identified. Nevertheless, our modelling approach represents an
innovation in analysing opportunistic data, by testing observation
effort regimes that are not simulated, as done so far (Christiansen
et al., 2014; Curtis et al., 2014; McPherson & Myers, 2009), but
quantitatively estimated through the use of a proper observation
effort proxy. Indeed, most of the cited features affecting obser-
vation effort are in some ways related to demographical changes
of the human population (i.e. fishing pressure, technological de-
velopment). Hence, adopting an observation effort proportional
to the human population mitigates the confusing effects of the
mentioned factors.
Reconstruction of the Mediterranean white shark spatio-tem-
poral patterns of abundance, obtained by using all available occur-
rence records, generated new hypotheses on the species’ population
structure and predator–prey dynamics in the region. Testing these
hypotheses with further dedicated research will further contribute
to reconstruct population baselines of this species and deepen our
understanding of its life history, ecology and biogeography. These
aspects are crucial to ensure the conservation of white sharks in
the region and across the planet. We also identified occurrence hot
spots that would represent important sampling locations for collect-
ing high-quality biological data, including tracking data to directly
assess distribution, foraging and habitat use. These field studies are
expensive and require careful planning on where and when white
sharks are most likely detected.
Globally, there are multiple species of conservation concern
with a similar scantiness of abundance data that would benefit from
our approach of combining all available occurrence data. Our study
shows that a careful examination of these data, even if opportunis-
tic, can reveal important ecological patterns, particularly regarding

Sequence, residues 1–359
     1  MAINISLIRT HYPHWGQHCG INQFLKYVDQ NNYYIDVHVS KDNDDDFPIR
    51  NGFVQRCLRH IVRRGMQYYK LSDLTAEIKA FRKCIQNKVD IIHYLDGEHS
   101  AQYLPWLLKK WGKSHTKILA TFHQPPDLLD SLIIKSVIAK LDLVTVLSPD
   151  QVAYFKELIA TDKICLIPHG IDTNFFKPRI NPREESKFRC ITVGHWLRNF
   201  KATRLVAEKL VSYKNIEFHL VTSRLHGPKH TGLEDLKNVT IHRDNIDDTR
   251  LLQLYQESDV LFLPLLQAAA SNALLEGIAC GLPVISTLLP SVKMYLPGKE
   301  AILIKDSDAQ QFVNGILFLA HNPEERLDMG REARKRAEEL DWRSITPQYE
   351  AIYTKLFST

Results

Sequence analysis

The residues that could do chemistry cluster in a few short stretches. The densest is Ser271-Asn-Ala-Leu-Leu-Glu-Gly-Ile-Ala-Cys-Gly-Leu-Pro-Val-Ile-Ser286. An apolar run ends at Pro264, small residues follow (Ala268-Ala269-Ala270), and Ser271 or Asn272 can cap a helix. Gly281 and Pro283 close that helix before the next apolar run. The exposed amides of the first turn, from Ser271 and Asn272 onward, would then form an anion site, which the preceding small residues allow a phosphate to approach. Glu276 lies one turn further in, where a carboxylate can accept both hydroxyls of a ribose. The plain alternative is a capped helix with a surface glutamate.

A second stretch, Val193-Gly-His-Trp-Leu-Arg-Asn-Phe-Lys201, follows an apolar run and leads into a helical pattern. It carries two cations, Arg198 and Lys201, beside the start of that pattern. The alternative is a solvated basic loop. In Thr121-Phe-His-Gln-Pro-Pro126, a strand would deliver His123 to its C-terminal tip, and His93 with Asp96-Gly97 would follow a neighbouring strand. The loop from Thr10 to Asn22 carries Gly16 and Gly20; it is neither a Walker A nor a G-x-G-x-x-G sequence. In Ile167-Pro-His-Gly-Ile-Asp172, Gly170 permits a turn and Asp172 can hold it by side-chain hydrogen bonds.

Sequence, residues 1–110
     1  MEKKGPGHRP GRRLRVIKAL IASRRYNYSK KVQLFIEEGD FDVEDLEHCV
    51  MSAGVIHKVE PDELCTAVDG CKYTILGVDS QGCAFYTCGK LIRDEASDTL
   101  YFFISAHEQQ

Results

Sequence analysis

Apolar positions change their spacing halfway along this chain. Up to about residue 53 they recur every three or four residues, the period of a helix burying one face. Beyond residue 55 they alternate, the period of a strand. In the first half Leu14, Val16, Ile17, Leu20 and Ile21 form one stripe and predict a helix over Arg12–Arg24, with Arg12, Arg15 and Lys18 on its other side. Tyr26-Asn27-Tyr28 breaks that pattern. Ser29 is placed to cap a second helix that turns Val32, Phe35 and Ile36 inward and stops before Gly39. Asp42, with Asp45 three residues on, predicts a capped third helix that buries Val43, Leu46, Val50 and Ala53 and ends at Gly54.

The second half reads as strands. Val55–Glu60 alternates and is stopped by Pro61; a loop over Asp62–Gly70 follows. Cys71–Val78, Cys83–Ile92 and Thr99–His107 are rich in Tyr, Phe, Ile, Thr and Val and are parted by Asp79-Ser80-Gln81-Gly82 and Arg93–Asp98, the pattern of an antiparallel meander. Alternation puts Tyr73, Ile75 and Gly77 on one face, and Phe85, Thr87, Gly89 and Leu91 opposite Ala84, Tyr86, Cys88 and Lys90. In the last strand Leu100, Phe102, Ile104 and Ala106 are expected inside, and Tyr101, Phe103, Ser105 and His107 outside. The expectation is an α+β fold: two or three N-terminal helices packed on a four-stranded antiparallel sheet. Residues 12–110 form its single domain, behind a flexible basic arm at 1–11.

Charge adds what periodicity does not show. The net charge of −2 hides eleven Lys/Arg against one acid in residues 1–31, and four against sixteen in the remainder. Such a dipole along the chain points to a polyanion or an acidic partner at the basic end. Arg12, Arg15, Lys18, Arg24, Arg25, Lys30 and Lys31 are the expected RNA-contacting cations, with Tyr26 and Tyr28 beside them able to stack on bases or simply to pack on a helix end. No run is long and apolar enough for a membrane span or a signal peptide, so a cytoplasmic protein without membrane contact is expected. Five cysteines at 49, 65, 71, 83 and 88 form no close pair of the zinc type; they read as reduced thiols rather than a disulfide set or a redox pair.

trends in abundance and spatial distribution, that are critical to in-
form adequate conser vation actions and science-based recovery
This work is part of the Global Shark Abundance Baselines funded
by the Lenfest Ocean Program. Dr. Stefano Moro was partially
supported by the PRIN2015 supported-project "Environmental
processes and human activities: capturing their interactions via sta-
tistical methods (EPHAStat)" funded by MIUR (Italian Ministr y of
Education, University and Scientific Research) (20154X8K23-SH3).
Additional funders are as follows: Lenfest Ocean Program, Bertarelli
   MORO et al.
Foundation, Schmidt Technology Partners, MedReAct and Regione
Lazio with the Grant Programme “Torno Subito 2017”. We Thank
Annie Adelson for help in bulding the sighting database.
The data that support the findings of this study are available from
the corresponding and senior authors (stefano.moro@uniroma1.
it and upon reasonable request.
Stefano Moro
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How to cite this article: Moro S, Jona-Lasinio G, Block B,
et al. Abundance and distribution of the white shark in the
Mediterranean Sea. Fish Fish. 2019;00:1–12. h t t p s : / / d o i .
org /10.1111/f af.12432